While I agree with these players in principle, I feel this reflected poorly on their part not to attend. The inviting of a team to the White House is a highly non-political event. Since I can’t really think of some evil socialist ulterior motive Obama might have had in doing this (The Super Bowl ring thing was a joke), I will give the president the benefit of the doubt that this was simply a nice gesture to give them the White House visit they never got.

If you’ve read my blog, you know that I disagree, often vehemently, with about 90% of what this president has championed and done. But if the blog fairy came and granted me fortune and fame resulting in an invite to a golf outing with the president, I’d go without hesitation, and I’ve even be thankful and respectful doing it. Then again, I do really love to play golf.Obama-golfing[1]

All kidding aside, Barack Obama is a human being as far as I know. When he’s not in front of a TV camera bashing Republicans and the upper class, he may be a reasonably nice guy. I have some Democrat friends, and although it pains me to admit it, my mother is a Democrat too; although she hasn’t voted since the 70’s as I understand it. While their policies seem to defy logic and ignore the history of socialism in one fell swoop, on occasion, Democrats can still be pretty good people to hang out with.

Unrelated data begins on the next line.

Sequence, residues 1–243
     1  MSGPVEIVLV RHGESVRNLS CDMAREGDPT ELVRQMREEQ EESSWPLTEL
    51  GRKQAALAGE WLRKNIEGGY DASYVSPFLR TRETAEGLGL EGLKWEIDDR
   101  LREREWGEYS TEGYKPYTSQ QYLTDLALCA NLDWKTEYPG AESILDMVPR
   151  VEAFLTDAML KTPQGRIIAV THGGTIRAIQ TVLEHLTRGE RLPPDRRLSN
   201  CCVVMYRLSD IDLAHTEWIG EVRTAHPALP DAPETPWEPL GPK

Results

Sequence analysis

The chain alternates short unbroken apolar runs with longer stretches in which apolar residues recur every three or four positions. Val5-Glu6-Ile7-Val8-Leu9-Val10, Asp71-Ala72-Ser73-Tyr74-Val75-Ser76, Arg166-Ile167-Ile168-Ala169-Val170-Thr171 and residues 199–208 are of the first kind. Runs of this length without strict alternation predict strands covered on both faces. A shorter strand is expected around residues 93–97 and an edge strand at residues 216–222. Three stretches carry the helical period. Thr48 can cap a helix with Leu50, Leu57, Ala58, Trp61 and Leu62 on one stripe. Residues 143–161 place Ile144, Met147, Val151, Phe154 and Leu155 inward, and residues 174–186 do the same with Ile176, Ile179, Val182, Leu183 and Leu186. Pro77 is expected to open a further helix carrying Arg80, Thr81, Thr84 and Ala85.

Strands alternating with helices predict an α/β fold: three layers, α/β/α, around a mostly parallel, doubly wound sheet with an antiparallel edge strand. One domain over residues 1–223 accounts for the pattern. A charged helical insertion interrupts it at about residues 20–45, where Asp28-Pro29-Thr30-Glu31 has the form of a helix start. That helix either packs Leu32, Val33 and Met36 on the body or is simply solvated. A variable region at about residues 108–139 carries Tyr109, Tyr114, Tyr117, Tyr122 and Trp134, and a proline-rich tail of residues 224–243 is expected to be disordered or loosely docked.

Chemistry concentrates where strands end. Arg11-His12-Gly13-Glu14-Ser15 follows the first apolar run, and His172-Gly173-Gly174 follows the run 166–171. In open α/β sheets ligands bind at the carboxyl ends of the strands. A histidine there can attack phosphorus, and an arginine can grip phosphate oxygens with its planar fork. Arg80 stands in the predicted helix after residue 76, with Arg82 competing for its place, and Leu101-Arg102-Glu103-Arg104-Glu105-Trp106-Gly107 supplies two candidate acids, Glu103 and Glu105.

If the conversation were to get around to policy, I would do my best to be respectful to the man, logically laying out where I think he’s going wrong, and simply voice my displeasure with his performance, sharing my ideas for how I’d like to see him preside over our nation. The White House is likely a very lonely and isolated place where the president, surrounded by other politicians and advisers, gets mostly 2nd hand information about what the people are feeling. I doubt he’s supped with the random John Q. Public very often. So an opportunity for us constituents to chew on the president’s ear should not be wasted.

While I don’t care to debate with someone who appears to be ignorant to the point that they simply can’t intelligently debate me, I’d certainly sit down and hash it out with the man holding the veto pen. If I could change one heart and mind just a bit, who better than his?

If you have a policy issue, new idea, or are simply disgruntled, the worst thing you can do is remain quiet and say nothing to those who oppose you, especially if they were elected to serve you. Sure Obama hears the complaints from largely right-wing media outlets, but it can’t hurt for him to hear it face-to-face from the people he was elected to serve as well.

If a person believes in their ideas like I do, they should never be afraid to defend them in the face of a contrarian. If the ideas are sound, they will stand on their merits. I would think men who spent their professional lives relentlessly beating on one another for an hour would not be afraid to discuss politics with the president, but on this day, the president was only met with like or ambivalent minds.

It has been said that for evil men to accomplish their purpose it is only necessary that good men should do nothing. On this day, some of history’s mightiest athletes, chose the path of least resistance, and I say that as a result, the 72 Dolphins were handed their first loss. If you feel it, don’t be afraid to speak it. As much as he may not seem to appreciate it, along with every other government employee, he is a servant to the people, and should be treated like one.